There is no requirement to assign an ISBN to any book, but a publisher will find that for all practical purposes it is necessary to adopt the ISBN system for its books to be adopted by the book trade.
ISBNs are used throughout the life of a publication, from early planning and production stages, through to publication, promotion, sales, distribution, stocking, sales analysis, rights management, bibliographic data storage and library information management. A key factor of the system is that it can be both human- and machine-readable.
The ISBN system is recognised in over 170 countries, regions or language groups throughout the world.
ISBNs are used for a wide range of publications and media. ISBNs are not just used for print media, but identify a range of media types including audio books on cassette, CD and DVD, as well as other electronic media including the many forms of e-book such as those from Apple and Amazon; microform media such as microfilm and microfiche; educational computer software as well as publications that consist of a range of media types, where the component is text based.
ISBNs should not be used for products where the principle component is not based upon a monographic text based publication. Publications unsuitable for the ISBN system include those that are ongoing and unconcluded, such as bibliographic resources, newspapers and periodicals; the abstract intellectual property of a work, such as a novel (while a particular publication of the novel would have an ISBN); printed ephemera such as advertising leaflets; printed music; art prints without text; personal resumes and curriculum vitae; greetings cards; recordings of music; non-educational software; emails or other electronic communication.
Other systems exist for publications that do not come within the range of the ISBN system. These include the ISSN (International Standard Serial Number) used for magazines, periodicals and journals and the ISMN (International Standard Music Number) used for printed music.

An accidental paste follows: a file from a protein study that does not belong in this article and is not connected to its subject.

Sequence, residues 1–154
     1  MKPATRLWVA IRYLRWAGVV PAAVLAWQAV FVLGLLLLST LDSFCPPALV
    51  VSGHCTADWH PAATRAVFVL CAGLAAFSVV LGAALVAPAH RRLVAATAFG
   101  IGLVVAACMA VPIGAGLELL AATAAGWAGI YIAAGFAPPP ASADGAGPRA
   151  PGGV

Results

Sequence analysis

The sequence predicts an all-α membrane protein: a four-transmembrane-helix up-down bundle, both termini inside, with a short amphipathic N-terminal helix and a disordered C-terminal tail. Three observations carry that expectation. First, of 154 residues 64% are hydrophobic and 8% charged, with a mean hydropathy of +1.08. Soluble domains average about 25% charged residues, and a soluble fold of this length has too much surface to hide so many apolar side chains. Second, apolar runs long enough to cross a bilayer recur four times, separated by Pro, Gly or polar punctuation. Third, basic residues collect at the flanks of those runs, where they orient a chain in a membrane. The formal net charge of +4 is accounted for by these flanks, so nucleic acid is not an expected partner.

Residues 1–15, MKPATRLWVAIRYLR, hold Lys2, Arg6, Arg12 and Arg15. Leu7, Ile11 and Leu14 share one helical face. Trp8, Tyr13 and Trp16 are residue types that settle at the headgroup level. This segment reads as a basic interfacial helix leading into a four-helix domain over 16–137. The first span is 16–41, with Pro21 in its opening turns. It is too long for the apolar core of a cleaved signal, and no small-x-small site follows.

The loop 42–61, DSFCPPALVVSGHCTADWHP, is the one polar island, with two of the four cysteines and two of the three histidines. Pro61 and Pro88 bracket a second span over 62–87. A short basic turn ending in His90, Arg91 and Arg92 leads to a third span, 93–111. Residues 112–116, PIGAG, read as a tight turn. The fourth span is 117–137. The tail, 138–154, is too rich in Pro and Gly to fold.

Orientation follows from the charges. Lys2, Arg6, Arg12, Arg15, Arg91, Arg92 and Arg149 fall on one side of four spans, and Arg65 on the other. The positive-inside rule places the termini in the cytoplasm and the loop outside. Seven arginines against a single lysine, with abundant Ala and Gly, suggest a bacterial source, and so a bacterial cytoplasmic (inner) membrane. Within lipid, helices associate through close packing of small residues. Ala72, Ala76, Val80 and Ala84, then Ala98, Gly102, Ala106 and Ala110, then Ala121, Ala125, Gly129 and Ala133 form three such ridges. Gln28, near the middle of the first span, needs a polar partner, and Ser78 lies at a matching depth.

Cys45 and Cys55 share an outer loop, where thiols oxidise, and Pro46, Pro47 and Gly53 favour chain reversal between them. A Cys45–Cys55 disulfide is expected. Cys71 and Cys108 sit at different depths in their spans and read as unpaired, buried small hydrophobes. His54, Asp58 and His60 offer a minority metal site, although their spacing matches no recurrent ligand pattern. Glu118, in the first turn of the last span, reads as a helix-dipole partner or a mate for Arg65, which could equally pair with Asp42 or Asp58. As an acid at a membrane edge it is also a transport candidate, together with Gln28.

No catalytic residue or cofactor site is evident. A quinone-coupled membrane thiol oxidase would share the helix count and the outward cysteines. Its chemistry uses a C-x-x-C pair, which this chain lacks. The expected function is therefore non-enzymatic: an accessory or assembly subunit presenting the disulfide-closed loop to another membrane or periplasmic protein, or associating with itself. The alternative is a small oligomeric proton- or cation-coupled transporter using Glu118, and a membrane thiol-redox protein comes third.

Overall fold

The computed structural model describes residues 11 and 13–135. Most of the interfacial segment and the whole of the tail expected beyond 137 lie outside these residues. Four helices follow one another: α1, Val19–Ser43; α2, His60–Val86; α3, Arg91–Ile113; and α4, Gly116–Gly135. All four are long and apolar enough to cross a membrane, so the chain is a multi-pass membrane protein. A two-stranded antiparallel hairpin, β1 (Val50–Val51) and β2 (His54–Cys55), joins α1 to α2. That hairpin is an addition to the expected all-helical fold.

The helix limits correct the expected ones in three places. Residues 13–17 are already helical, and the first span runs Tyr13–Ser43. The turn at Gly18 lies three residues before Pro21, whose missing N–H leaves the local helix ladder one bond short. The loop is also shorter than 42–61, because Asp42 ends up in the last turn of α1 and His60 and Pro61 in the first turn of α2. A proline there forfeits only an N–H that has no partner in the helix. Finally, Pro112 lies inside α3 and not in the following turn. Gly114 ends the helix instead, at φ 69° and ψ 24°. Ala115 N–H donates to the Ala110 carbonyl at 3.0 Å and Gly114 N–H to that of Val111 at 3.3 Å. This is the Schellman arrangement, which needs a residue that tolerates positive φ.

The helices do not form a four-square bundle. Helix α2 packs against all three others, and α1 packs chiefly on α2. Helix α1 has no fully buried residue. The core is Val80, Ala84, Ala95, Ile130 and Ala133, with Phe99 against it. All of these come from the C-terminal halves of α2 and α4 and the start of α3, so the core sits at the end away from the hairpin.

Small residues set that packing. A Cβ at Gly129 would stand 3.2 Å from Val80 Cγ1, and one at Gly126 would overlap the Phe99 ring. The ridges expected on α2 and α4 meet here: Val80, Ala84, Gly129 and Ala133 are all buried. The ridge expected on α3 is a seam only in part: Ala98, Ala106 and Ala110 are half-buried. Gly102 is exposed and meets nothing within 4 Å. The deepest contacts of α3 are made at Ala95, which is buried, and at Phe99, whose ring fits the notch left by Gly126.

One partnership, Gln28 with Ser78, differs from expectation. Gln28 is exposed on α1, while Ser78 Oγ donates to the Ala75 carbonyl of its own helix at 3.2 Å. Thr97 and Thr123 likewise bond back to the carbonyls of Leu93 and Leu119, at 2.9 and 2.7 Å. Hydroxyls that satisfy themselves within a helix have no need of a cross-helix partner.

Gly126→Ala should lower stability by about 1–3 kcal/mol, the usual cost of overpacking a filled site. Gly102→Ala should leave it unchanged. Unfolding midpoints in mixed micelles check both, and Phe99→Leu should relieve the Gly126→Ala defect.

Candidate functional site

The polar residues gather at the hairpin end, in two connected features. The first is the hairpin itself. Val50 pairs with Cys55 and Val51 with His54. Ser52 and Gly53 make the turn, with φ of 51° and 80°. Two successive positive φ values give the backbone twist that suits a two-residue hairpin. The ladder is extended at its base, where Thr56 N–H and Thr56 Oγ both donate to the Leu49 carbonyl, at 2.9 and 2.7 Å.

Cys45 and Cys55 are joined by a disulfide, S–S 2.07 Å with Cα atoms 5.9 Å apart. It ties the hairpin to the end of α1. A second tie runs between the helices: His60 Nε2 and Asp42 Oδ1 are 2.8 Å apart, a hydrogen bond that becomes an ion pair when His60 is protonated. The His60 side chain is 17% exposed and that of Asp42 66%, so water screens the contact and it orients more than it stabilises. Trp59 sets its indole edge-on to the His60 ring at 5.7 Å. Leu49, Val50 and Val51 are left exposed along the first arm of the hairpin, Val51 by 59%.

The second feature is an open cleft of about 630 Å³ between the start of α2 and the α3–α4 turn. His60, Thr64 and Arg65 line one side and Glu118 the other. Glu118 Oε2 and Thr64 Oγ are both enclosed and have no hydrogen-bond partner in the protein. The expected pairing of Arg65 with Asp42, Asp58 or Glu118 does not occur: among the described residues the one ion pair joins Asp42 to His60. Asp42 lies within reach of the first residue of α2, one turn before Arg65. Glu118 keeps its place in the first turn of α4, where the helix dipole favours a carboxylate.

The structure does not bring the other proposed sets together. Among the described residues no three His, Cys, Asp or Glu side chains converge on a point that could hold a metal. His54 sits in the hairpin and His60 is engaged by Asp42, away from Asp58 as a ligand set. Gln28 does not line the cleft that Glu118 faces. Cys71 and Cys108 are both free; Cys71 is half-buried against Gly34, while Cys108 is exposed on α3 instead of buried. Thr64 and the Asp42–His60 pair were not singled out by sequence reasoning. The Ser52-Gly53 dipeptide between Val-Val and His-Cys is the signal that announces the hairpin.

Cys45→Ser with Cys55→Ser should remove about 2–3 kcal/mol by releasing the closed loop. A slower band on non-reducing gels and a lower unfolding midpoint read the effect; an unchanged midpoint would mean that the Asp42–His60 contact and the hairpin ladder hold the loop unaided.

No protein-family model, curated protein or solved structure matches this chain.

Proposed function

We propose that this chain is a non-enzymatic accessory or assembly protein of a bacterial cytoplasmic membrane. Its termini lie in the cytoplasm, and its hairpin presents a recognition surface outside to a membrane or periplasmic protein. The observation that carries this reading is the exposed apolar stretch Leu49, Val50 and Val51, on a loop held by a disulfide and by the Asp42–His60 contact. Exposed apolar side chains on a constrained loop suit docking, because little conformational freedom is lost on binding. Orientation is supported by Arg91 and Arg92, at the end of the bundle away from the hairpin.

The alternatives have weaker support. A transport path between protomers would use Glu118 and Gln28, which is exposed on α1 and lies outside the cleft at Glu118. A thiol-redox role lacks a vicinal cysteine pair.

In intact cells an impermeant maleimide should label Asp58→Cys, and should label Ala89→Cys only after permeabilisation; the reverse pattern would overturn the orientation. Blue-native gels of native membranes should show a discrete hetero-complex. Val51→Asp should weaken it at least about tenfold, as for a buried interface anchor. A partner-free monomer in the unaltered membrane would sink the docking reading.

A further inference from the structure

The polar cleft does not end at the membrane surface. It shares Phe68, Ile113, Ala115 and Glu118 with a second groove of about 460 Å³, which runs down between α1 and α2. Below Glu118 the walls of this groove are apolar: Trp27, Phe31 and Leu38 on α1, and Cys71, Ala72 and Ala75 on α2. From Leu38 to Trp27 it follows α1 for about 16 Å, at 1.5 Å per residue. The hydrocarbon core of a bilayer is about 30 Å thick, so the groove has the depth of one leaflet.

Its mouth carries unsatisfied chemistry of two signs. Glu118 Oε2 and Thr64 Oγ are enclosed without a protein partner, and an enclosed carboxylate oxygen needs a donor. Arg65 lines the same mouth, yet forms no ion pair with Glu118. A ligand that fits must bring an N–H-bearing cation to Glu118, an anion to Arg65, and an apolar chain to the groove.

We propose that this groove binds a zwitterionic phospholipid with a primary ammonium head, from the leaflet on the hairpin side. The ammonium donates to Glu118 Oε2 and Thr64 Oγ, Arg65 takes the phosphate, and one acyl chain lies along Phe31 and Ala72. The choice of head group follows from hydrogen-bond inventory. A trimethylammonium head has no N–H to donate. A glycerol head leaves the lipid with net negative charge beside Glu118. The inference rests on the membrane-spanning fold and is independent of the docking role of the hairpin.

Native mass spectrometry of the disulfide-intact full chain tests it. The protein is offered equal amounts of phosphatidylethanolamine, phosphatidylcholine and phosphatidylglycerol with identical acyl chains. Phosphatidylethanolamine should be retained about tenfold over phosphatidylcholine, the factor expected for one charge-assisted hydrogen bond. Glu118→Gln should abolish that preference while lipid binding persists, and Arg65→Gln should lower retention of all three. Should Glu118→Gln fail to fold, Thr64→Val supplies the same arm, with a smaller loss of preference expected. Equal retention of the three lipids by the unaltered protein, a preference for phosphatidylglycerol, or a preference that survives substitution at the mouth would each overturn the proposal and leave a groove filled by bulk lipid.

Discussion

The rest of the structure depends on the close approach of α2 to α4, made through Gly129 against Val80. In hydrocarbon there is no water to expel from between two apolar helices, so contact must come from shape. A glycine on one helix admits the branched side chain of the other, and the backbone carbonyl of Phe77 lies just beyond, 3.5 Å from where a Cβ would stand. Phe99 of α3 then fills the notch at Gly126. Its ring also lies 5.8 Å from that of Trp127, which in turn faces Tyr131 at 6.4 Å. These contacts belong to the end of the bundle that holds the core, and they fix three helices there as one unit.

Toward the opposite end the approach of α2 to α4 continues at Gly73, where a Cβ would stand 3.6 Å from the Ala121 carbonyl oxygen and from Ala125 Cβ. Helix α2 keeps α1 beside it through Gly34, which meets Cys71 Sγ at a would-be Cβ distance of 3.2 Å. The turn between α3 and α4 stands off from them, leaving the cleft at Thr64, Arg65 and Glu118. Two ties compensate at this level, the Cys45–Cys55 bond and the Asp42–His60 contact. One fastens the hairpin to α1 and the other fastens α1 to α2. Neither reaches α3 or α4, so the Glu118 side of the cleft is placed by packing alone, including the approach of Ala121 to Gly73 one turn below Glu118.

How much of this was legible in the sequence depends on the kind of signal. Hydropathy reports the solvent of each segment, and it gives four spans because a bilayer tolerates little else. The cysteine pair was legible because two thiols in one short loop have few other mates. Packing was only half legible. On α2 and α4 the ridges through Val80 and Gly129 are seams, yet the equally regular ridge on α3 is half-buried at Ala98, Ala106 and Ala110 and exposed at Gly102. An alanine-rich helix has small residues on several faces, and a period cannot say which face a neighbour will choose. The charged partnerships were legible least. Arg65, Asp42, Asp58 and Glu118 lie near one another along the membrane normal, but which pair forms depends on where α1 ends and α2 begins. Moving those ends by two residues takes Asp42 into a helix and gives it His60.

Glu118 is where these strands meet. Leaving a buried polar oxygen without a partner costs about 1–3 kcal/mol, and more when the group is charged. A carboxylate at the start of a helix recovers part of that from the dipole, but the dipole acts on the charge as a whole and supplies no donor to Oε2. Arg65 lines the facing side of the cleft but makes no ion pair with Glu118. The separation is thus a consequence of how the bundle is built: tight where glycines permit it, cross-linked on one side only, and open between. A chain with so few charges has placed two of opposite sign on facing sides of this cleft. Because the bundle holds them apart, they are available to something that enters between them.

If it is unclear whether a publication is suitable for the ISBN system, help should be sought from your regional ISBN authority.
If you are interested in the history of the ISBN system, then see the History of the ISBN System page.
Up until the end of 2006, ISBNs comprised ten digits. See the Anatomy of a 10-digit ISBN page to understand how they work.
From 1st January, 2007 all new ISBNs are 13-digits in length and will be integrated into the larger group of product numbering known as EAN used for products that are retailed internationally. Originally EAN meant European Article Number, but since international adoption it officially means International Article Number, but the abbreviation EAN is retained. For information about how 13-digit ISBNs work and how they relate to EANs, see the Anatomy of a 13-digit ISBN page. For information specifically about the EAN system, see the International Article Number page.
ISBNs are created by publishers by way of their national ISBN authority. In the USA, the national ISBN authority is R. R. Bowker and for the United Kingdom and the Republic of Ireland it is Nielsen BookServices. For further details of these and other national ISBN authorities, see the Administration of the ISBN system page.
Do you need to get an ISBN number for a book you have written? Take a look at the pages that deals with buying ISBNs and self publishing. Do you want a single ISBN number? See the Get a Single ISBN page.
The ISBN barcode that you find on the back cover of most books is a particular example of the barcode found on a very wide range of consumer products found throughout the world and which conforms to the International Article Numbering standard. If you need a fairly complete and technical understanding of how the ISBN barcode works - how the ISBN number is encoded in the system of stripes on the ISBN barcode and how to both encode an ISBN number to the barcode and decode the ISBN barcode stripes into an ISBN number, then you need to study the ISBN barcode page.